In a particular embodiment, a trust value is assigned to a file when the file is opened. Each time data is to be read randomly from the file, the trust value is examined to determine whether previous data from the file was read from the RAM or from the storage device. If it is determined that previous data was read from the RAM it is assumed that the present requested data is also in the RAM. If the present requested data is indeed in the RAM, the trust value is incremented by a trust award. If the present requested data is not in the RAM, the trust value is decremented by a trust penalty. If, however, it is determined that previous data was not read from the RAM, it will be assumed that the present requested data is not in the RAM. The trust value is used to assist the system in determining whether the data is in the RAM or not. In any case, the data will be loaded into the RAM and the trust value will be incremented by the trust award.
The novel features believed characteristic of the invention are set forth in the appended claims. The invention itself, however, as well as a preferred mode of use, further objectives and advantages thereof, will best be understood by reference to the following detailed description of an illustrative embodiment when read in conjunction with the accompanying drawings, wherein:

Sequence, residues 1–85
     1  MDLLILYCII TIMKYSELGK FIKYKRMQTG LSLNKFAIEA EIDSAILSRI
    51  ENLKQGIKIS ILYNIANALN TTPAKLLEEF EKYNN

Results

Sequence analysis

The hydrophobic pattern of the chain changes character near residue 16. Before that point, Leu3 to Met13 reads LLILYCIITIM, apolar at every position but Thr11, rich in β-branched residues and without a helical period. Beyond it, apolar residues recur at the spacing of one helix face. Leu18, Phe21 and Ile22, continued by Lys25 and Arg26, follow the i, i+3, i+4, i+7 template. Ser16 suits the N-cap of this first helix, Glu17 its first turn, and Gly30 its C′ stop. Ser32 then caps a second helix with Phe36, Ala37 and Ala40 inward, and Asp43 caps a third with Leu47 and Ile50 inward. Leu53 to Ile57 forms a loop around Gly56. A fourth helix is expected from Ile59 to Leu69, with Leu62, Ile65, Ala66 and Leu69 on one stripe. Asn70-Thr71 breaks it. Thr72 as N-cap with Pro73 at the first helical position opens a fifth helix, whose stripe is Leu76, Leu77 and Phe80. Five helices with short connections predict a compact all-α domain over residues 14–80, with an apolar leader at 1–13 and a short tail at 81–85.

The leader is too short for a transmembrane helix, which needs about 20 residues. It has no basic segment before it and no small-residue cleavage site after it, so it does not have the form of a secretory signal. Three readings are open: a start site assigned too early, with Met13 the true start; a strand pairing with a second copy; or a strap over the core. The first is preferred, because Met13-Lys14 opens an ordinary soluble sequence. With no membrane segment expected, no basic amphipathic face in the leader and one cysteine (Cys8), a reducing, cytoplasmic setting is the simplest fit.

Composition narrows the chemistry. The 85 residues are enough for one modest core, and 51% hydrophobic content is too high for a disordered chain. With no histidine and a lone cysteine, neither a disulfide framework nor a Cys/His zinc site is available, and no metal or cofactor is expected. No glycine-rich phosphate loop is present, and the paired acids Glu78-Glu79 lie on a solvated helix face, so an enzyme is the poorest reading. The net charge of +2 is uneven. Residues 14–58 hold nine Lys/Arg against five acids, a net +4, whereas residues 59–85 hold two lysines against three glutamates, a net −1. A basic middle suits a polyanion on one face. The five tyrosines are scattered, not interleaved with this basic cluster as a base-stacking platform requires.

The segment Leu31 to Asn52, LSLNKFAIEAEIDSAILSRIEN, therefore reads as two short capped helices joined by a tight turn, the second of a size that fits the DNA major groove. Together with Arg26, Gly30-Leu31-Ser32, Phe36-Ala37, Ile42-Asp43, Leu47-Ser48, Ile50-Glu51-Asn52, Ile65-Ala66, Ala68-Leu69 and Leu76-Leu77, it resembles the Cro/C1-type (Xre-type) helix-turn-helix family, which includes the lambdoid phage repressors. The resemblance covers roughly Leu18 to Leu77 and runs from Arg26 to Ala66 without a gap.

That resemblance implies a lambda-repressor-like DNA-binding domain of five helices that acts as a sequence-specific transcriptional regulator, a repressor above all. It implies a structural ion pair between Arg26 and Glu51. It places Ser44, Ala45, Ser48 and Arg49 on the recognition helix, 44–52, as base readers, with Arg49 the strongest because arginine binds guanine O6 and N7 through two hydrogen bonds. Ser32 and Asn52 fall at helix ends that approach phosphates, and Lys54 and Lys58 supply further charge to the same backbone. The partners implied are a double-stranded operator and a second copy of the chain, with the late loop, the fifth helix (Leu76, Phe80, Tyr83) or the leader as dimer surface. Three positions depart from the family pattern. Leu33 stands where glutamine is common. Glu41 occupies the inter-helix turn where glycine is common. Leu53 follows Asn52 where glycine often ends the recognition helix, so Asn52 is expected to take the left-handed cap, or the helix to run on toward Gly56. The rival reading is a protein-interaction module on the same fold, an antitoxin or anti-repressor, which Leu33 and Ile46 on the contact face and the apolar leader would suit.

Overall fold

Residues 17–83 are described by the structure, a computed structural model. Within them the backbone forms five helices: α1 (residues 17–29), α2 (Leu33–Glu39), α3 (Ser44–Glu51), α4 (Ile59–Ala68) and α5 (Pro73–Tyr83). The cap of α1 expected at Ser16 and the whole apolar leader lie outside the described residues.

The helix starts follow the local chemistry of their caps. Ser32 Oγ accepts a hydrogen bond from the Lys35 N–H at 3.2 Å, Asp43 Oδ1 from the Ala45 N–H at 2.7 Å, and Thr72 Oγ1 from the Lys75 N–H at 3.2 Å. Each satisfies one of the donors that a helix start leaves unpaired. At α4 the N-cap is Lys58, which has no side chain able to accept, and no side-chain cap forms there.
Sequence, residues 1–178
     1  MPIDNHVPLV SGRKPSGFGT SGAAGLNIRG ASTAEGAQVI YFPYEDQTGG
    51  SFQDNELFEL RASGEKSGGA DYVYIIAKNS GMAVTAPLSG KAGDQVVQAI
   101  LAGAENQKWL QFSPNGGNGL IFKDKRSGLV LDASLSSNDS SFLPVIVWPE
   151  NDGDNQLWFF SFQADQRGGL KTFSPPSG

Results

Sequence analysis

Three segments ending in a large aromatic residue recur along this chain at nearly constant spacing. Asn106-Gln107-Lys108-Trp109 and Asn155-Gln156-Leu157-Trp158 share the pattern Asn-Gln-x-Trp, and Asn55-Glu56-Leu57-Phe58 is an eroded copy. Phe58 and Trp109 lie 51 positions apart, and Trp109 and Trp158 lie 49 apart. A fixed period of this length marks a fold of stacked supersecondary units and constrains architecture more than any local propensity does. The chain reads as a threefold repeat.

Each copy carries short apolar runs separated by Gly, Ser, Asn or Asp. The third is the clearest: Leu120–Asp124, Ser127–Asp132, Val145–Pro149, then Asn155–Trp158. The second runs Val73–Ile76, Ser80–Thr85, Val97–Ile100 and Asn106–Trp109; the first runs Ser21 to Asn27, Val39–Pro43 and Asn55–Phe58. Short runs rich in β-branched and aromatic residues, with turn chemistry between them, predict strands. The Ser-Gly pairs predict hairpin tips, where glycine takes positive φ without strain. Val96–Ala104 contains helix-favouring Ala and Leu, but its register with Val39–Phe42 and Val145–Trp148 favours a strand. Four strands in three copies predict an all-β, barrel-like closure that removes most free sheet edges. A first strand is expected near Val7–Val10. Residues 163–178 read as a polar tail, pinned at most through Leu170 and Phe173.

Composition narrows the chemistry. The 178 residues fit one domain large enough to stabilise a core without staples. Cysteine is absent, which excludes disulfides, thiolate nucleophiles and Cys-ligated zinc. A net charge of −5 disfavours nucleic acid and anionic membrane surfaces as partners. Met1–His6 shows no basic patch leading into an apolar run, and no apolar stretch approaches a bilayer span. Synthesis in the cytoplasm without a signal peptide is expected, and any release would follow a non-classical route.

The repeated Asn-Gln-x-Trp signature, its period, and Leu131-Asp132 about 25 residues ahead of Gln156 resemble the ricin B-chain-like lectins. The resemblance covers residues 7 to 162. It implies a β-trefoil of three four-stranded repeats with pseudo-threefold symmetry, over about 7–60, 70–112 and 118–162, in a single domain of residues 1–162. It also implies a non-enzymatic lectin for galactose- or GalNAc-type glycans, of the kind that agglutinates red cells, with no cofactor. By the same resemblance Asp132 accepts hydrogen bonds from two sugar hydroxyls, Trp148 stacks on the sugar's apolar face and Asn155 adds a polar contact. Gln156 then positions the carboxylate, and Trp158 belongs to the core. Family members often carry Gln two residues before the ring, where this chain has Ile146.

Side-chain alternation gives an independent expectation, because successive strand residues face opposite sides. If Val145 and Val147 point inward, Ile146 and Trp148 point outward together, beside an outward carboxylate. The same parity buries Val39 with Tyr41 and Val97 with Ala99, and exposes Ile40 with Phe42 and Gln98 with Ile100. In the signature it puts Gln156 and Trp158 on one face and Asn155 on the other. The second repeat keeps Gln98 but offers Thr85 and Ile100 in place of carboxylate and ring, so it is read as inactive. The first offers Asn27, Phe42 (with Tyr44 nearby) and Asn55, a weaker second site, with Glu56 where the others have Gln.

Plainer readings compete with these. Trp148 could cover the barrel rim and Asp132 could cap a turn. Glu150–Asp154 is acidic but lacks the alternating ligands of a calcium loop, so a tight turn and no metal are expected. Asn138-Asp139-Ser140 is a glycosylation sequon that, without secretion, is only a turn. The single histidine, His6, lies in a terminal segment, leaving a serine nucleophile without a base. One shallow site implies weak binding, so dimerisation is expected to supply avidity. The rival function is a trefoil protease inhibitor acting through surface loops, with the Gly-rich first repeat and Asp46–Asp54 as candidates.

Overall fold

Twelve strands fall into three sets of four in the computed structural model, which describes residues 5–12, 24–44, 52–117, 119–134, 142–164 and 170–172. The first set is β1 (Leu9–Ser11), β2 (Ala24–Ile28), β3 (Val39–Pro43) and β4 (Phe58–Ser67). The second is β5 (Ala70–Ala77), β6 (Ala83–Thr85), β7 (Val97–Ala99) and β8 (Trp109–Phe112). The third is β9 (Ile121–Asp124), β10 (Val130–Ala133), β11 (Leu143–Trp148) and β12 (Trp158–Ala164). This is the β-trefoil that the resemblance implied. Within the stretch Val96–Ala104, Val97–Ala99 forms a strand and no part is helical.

With reference now to the figures,
The file system manager 102 interacts with executing programs. For example, when an executing program desires to read data, it provides the virtual address and the range of the data to the file system manager 102. The file system manager 102 will check with the VMM 112 to see whether the data is already in RAM (not shown). In so doing, the physical manager will provide the virtual address and the range of the data to the VMM 112.
The VMM 112 then translates the virtual address into a physical address. If after the translation it is determined that the data is in RAM, it is returned to the file system manager 102 which will pass it to the requesting program. If it is not in RAM, a page fault will be raised. Then, the VMM 112 will notify the file system manager 102 that the data is not in RAM. A page fault handler (not shown) will load the data from the storage device 134 into RAM. Once the data is loaded, the VMM 112 will notify the file system manager 102 that the data is now in RAM.